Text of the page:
A South Australian Supreme Court jury has heard that a New Zealand man accused of murdering Robert Sabeckis at Maslin Beach almost 20 years ago did shoot him - but "the issue of self-defence would arise" during the trial.
Paul Beveridge Maroroa, 44, has pleaded not guilty to the shooting murder of Mr Sabeckis at a car park at Maslin Beach, in Adelaide's south, on January 13, 2000.
Opening the prosecution case today, Sandi McDonald SC told the jury of seven women and five men that Mr Maroroa "gunned down" Mr Sabeckis in that car park about 1:30am.
She said Mr Maroroa's DNA was linked to a sawn-off shotgun that was found near the murder scene.
The jury was also told that DNA profiles of both Mr Sabeckis and Mr Maroroa were found on an airbag that had been deployed in the victim's car after it crashed into a tree.
That car, Ms McDonald submitted to the jury, was used by Mr Maroroa to flee the scene.
The jury heard that about 16 hours after the shooting, a man snorkelling off Aldinga Beach saw what he thought was a shark fin in the water but soon realised it was a bag that had been weighed down by rocks.
"He was aware there had been an incident at Maslin Beach earlier that day.he took it to police," she said.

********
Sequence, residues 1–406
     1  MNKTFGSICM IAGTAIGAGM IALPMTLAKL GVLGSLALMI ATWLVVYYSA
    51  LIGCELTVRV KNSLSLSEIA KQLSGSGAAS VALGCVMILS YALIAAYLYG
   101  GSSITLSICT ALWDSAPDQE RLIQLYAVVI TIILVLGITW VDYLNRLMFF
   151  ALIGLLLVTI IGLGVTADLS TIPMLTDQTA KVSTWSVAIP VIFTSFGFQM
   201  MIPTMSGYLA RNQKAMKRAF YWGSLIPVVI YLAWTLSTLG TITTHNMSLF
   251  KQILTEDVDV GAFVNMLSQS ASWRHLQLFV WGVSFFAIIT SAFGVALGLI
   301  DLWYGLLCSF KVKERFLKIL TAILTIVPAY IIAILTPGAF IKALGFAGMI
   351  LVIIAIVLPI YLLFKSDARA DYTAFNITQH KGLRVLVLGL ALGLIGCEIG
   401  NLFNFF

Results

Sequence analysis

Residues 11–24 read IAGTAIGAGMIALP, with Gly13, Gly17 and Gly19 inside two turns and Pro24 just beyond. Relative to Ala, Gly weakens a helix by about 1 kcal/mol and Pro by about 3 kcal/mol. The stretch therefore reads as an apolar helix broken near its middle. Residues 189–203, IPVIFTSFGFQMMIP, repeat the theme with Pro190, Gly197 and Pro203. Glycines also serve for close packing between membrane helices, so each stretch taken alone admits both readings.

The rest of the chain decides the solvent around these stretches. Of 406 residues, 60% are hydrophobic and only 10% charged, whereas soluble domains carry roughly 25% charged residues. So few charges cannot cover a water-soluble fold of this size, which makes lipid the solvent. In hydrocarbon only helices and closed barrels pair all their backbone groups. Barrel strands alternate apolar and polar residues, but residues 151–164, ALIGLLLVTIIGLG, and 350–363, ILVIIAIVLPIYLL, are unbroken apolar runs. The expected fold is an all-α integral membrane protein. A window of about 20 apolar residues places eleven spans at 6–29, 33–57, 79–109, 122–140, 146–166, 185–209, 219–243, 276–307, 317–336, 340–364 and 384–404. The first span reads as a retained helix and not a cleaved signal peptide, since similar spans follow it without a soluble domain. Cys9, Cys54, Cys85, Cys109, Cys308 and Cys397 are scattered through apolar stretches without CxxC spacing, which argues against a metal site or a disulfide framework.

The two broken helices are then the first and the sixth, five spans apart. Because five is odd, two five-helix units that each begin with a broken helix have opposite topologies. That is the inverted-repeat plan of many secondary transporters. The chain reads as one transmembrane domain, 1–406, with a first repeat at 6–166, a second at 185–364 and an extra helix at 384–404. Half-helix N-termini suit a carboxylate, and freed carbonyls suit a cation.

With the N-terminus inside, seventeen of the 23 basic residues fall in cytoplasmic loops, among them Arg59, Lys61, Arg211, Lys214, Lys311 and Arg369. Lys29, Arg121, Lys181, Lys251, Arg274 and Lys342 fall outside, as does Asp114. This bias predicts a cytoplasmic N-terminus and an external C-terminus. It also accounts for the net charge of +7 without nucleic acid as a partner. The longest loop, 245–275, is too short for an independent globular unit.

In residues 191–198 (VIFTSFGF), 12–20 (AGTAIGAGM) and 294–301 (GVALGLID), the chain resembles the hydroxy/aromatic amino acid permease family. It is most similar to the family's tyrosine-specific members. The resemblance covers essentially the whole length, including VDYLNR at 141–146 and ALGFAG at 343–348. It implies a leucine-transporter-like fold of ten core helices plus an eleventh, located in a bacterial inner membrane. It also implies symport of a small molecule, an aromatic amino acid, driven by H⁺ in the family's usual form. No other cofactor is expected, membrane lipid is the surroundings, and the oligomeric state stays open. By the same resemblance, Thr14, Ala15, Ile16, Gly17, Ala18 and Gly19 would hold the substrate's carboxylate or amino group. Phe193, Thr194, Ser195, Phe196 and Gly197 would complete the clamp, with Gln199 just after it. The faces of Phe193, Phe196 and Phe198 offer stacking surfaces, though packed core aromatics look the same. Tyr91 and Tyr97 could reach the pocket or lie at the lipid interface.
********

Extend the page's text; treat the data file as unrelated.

Jeans and part of gun found in bag
Ms McDonald said a pair of blood-stained jeans and the stock belonging to a shotgun were found inside the bag.
"At the time, [the beach] was 500 metres from where the accused was living," she said.
She said the sawn-off shotgun was found wrapped in a jacket at a private property near the murder scene.
The jury was told that police traced the serial number of the shotgun to a man whose son was friends with Mr Maroroa, as the pair "mixed in the same circles".
Ms McDonald said the firearm was stolen from that man's house on December 31, 1999, before the house was set alight.
"It's the prosecution case that the accused was the person who stole the shotgun. He went there with a clear purpose," she said.
"He took that gun to the beach where he shot and killed Robert Sabeckis."
Ms McDonald said the killer also inflicted one "final act of humiliation" by pulling Mr Sabeckis' pants down to expose his genitals after the shooting.
Defence: It's not a 'clear-cut case of murder'
Heath Barklay, for Mr Maroroa, then briefly outlined the defence case.
"This case is not about whether the accused shot the deceased - he did," he said.
"He accepts that he was there, he accepts that he shot the accused with a shotgun, he accepts that he drove from the scene in the deceased's car and crashed that car on a straight road.
"He accepts that he discarded the shotgun in the jacket, he accepts that he put a gun bag and some parts in the ocean.
"They are the facts that are not in dispute."
Mr Barklay said the crime scene and the injuries did not "paint a clear-cut case of murder".
"The prosecution case for murder is based on the two gunshot wounds, therefore he must have been murdered," he said.
"It makes emotive statements to the effect he was gunned down.
"They don't, in fact, know what happened.
"The issue of self-defence will arise."
The trial, before Justice Sam Doyle, is expected to run for three weeks.